How an unexpected meeting between two Marines proves life-changing

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Marine veteran Jose Rosales dropped out of high school to join the Marine Corps at 17. Soon after, he was deployed to Vietnam as a military policeman.

“Semper Fi,” Carlo Melone called out to the guy in front of him in line at a Chicago pharmacy. Melone knew he was saying hi to a fellow Marine veteran from the hat and patches on the man’s jacket.

Semper Fi is short for the Marine Corps motto, “Semper Fidelis,” which means “always faithful” in Latin. It’s a common greeting between Marines, past and present. But when Melone, a DAV benefits advocate, said it to Jose Rosales, it was more than a hello. It was a chance introduction that would wind up changing Rosales’ life.

Rosales had dropped out of high school in 1969 to enlist in the Marines at 17. He was inspired by his cousin, Pete Lopez, who had joined a year before, went to Vietnam and was wounded in action.

Soon, Rosales was in Vietnam himself, running missions to secure drop zone perimeters.

He made it out of Vietnam seemingly without injury, thinking little of the planes that had flown overhead, spreading the tactical herbicide Agent Orange around him. He said that his eyes would get watery after the planes passed, but he didn’t think much more about it at the time.

After his time in Vietnam, he returned to the states, was discharged in 1971, got married in 1972 and went to work doing metal plating for the airline industry.

Then in 1978, doctors diagnosed Rosales with Type 2 diabetes. They never linked the diagnosis to any cause—Agent Orange exposure, lifestyle or otherwise.

He said they just told him he had diabetes and prescribed him insulin. He had to adjust to a new normal of regularly monitoring his glucose and taking insulin shots up to four times a day.

“You just try to do the best you can, because if you let it get to you, you’re going to break down,” said Rosales.

For the next 40 years, he relied on his medical insurance to partially cover his treatment costs. The balance had to come out of pocket, so sometimes he would have to go without his medication.

“Insulin was costing me almost $300 a month,” said Rosales. “I couldn’t afford that.”

No one had told him that, since 2001, the Department of Veterans Affairs has recognized a presumptive connection between Agent Orange exposure and Type 2 diabetes. That is, until he met Melone in line at the pharmacy on that cold winter morning in 2019.

“If I had hit one more red light or there was a person between us in line, he would not have known this connection,” said Melone. “It was one of those random encounters that every service officer experiences when we get out in our communities.”

Even with this new information, Rosales said he was hesitant at first about Melone’s offer to help him file a claim. His mind kept going to the others around him in Vietnam who he felt had suffered worse injuries and disabilities.

Jose Rosales (left) met fellow Marine and DAV benefits advocate Carlo Melone in Chicago in 2019.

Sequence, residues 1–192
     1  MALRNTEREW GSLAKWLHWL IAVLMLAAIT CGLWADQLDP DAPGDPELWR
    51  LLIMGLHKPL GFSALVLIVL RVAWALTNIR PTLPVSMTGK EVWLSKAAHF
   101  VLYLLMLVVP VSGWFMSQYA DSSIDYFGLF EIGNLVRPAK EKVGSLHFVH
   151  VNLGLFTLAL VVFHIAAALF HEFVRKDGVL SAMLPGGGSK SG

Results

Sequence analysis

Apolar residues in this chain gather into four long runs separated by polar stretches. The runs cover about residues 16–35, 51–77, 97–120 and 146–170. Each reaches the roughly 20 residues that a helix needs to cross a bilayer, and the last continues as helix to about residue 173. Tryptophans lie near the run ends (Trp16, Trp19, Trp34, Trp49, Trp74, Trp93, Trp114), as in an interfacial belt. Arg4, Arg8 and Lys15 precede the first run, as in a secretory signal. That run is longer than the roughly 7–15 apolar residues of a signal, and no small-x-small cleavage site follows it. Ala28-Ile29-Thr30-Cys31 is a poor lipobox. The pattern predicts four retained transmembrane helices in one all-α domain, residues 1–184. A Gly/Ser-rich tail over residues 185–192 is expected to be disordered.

But after talking with Melone more, Rosales made the decision to file the claim 11 months after he first submitted his intent to file with the VA.

Then in 2020, the COVID-19 pandemic hit, slowing the claim adjudication process.

Despite the delays, Rosales persisted. After waiting almost a year to be seen by the Veterans Health Administration for his compensation and pension exam, he received his rating decision in March 2021.

He said a huge weight was lifted off his shoulders. Before, not only was he paying out of pocket for his own medication, but he was also trying to pay for his wife Debbie’s cancer treatments. The VA decision meant he no longer had to worry about affording insulin.

“Now I get it through the VA, and that helps me a lot,” said Rosales, now a DAV life member with Chapter 42 in Hanover Park, Illinois.

The decision allowed Rosales to have the peace of mind he hadn’t had before, but Melone’s job wasn’t done. As he reviewed the rating decision, he noticed the effective date was wrong. It was listed as the claim submission date, not the intent to file date—an 11-month difference. Melone also learned that Rosales’ wife had died 19 months into the adjudication process, but Rosales was paid as someone who was single with no dependents the entire time.

Melone worked to fix the two errors. He said the attention to detail and effort he puts into every claim stems from his view that being a benefits advocate is like being on another tour of duty. The difference is that now his service focuses on changing the lives of fellow veterans.

“I’m very proud of being a retired Marine, albeit medical. However, as a senior national service officer, I’ve spent the last 12 years literally changing the lives of the men and women of all branches of service in our country,” Melone said. “It’s such an incredible feeling to be able to do that.”

For Rosales, the decision doesn’t take away his diabetes diagnosis. He still has to take daily insulin shots and monitor his glucose. He couples this with staying active by regularly golfing, bowling, playing softball and weightlifting. But the decision affords him the opportunity to not worry about how to pay for treatments for a disease he developed from serving his country.

Rosales said his advice to other veterans is simple: “Call DAV—they’ll help you.